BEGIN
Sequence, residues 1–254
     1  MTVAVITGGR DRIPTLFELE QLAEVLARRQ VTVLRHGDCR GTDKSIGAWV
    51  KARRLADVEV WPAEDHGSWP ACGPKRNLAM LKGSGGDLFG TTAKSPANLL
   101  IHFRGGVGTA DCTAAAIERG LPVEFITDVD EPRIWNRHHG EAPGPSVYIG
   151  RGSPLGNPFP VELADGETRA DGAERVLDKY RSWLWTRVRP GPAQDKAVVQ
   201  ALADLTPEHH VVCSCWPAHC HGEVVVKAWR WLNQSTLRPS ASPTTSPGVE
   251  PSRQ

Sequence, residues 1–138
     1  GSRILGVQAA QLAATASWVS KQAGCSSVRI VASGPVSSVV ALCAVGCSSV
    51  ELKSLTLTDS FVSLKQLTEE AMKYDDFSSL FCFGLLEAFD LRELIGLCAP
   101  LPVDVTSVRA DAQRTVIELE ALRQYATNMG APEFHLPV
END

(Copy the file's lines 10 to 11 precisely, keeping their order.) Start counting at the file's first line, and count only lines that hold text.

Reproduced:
    51  ELKSLTLTDS FVSLKQLTEE AMKYDDFSSL FCFGLLEAFD LRELIGLCAP
   101  LPVDVTSVRA DAQRTVIELE ALRQYATNMG APEFHLPV